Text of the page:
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Westminster student speaks out for immigrants, refugees in Salt Lake community

Daud Mumin performs slam poetry with Chelsea Guevara and Liliane Kwizera at the “Rooted: Art from Home” event at the Salt Lake City Main Library Sept. 20. The presentation was part of Welcoming Week, a series of events that focused on bringing the community together to hear about the hardship of living in the U.S. as an immigrant teen. (Nick Marcy)

Several New Americans created an intimate atmosphere as they shared their personal experiences of immigrating to the U.S. at the Salt Lake City Main Library Sept. 20. 

The presentation titled “Rooted: Stories from Home” was part of Welcoming Week: a series of artistic expressions organized by the Salt Lake County Mayor’s Office to unite New Americans together with those who were born in the U.S.

Among the presenters was Daud Mumin, a first-year student at Westminster College studying international relations and human rights advocacy. Mumin was part of the Rooted event, presenting his passionate opinions through slam poetry.

“It’s a really raw and authentic way of looking at migration,” Mumin said. “It’s not the sugar-coated story.”

Mumin is a first-generation Somali-Muslim American as well as an award-winning spoken word artist, public speaker, social justice activist and human rights advocate.

He said he is motivated to give a voice to the voiceless and hope to the hopeless by engaging in uncomfortable conversations.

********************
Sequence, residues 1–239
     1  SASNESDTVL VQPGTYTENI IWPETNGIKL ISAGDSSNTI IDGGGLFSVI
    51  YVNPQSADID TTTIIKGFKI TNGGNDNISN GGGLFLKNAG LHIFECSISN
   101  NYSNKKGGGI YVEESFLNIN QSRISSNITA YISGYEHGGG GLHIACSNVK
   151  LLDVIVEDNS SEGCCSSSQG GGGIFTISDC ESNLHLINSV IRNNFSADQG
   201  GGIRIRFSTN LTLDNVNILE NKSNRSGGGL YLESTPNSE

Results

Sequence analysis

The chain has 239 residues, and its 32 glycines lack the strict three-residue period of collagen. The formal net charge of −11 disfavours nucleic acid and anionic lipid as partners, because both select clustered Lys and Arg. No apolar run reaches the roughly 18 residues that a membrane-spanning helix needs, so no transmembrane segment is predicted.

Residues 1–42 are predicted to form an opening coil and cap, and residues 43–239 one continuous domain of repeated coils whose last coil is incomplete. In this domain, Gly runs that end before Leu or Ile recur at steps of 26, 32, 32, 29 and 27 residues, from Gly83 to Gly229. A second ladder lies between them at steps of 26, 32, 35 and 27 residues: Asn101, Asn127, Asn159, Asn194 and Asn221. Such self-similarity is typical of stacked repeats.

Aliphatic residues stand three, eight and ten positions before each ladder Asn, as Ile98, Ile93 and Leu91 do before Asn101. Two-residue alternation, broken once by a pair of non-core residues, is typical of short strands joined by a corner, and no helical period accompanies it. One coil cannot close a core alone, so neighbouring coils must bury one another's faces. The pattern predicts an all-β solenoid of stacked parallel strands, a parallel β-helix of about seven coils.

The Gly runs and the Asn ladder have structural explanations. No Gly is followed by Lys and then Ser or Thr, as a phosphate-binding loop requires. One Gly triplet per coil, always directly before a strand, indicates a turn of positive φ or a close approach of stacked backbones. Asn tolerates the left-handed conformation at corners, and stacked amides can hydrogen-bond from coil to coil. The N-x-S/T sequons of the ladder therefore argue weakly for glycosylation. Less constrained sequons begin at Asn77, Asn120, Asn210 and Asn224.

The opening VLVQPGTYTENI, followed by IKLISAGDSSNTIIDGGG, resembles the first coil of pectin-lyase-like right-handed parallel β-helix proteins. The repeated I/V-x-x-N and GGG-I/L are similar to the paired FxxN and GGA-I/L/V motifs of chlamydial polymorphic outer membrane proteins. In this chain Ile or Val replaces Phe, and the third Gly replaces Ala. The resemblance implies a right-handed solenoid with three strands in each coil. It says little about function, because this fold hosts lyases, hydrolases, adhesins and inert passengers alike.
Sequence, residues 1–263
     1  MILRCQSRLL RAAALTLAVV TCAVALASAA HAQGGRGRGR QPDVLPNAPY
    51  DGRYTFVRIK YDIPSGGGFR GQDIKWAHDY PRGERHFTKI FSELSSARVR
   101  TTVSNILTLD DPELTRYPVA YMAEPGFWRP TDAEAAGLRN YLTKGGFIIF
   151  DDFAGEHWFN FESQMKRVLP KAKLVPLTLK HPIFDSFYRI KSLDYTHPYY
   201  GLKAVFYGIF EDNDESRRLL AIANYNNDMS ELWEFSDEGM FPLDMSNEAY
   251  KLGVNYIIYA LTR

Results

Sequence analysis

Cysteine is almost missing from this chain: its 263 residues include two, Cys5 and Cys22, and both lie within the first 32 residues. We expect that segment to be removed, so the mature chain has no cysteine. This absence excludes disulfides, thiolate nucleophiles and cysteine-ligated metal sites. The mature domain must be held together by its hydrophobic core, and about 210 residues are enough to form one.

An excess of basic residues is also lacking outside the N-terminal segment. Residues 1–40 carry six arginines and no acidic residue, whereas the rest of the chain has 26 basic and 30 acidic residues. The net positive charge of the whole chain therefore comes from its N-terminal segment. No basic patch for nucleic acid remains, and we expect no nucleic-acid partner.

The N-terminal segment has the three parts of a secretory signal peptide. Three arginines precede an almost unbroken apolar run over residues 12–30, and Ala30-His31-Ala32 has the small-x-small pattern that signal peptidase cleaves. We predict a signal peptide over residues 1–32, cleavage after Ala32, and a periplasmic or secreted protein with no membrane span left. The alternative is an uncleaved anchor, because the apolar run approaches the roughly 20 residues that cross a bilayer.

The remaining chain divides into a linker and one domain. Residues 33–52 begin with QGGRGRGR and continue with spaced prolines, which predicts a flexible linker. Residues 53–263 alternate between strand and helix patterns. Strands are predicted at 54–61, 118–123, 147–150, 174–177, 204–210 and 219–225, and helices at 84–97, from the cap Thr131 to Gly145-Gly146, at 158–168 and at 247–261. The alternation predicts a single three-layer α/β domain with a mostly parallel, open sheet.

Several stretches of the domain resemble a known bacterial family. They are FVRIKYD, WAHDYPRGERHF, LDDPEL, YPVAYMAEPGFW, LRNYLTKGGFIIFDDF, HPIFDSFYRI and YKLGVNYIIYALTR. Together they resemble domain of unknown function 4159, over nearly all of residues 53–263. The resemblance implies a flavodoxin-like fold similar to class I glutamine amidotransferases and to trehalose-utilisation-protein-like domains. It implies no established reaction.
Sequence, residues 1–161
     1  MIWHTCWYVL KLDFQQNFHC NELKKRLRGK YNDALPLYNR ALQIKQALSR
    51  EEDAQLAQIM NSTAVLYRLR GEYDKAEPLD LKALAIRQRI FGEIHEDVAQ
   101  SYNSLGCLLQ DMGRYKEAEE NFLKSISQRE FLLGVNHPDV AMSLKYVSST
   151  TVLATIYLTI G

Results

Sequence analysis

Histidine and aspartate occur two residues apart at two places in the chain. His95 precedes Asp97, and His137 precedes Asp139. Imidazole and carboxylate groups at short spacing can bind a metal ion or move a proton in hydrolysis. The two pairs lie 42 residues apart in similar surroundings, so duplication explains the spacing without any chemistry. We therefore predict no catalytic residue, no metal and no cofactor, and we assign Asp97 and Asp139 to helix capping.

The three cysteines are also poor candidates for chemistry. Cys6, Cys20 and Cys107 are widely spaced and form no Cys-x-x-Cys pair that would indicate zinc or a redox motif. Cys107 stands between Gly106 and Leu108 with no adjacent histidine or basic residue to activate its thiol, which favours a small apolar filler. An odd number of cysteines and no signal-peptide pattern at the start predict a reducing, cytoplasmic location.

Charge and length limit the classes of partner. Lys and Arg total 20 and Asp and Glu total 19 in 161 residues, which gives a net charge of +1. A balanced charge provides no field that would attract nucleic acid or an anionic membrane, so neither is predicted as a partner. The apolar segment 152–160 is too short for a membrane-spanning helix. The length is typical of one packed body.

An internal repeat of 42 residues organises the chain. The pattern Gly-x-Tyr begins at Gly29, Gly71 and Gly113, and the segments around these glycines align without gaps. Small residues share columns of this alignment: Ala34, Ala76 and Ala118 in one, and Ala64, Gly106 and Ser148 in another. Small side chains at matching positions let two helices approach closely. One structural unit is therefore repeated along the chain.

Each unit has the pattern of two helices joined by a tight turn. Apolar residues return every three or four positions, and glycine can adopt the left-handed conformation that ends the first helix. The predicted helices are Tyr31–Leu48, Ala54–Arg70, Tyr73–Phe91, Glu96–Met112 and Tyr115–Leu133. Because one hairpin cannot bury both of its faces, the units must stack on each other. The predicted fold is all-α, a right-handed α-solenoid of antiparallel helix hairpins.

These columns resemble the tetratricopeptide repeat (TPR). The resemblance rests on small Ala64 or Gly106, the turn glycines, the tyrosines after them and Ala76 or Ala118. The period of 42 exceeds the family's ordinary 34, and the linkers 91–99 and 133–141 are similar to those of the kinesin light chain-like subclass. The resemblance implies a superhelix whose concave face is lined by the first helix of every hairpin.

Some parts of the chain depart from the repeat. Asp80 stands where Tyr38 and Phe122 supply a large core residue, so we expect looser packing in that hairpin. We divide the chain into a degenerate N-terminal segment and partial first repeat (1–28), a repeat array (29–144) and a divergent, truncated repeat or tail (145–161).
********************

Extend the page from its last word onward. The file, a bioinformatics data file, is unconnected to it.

“It’s about embracing difference, promoting change and uniting hope,” Mumin said.

Carson Capps, an undeclared first-year student, said Daud and Chelsea’s slam poetry resonated with them.

“The issues they brought forward are happening not only throughout the world but within our community,” Capps said.

The event was a passionate experience, focused on uncovering personal truths, according to Chelsea Guevara, a first-generation El Salvador American who performed slam poetry.

“The news depicts [immigrants] as a ghost story,” Guevara said.  

Similar to Mumin, Guevara emphasized how their culture is suppressed by American culture that refuses to accept differences. 

“It’s not about us being pity or needing pity, it’s actually quite the opposite,” Mumin said. “It’s about being immersed into a culture instead of […] bleaching the accent off my tongue.” 

“Art from Home” focused on the combination of art and immigration, connecting the public and encouraging empathy. 

“Thirteen percent of people that live in Salt Lake County are actually people that were born outside the country,” Mumin said.

Salt Lake County is diverse and people such as Mumin and Guevara are at the front of the movement to embrace these differences. 

“Attending the Rooted event made me realize the amount of diversity in my community and how empowering it is to be aware of it,” Capps said. “It made me understand how important diversity is within my school and community as the culture [immigrants] bring to the table, creates new opportunities and ideas.”  

The Rooted event was not the first attempt to get the stories of American Immigrants out to the community of Salt Lake, and it won’t be the last, Mumin said. 

“It’s amazing to see that an elected official wants to hear our stories,” Mumin said.  “It’s about me telling [my mother’s] story, and not forgetting the struggles she went through for me to have this education.”

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Nick Marcy
Nick Marcy is a senior Communication major at Westminster college. He was born and raised in Portland Oregon, where he spent most of his time in the outdoors. He is the captain on the Men’s Lacrosse team.

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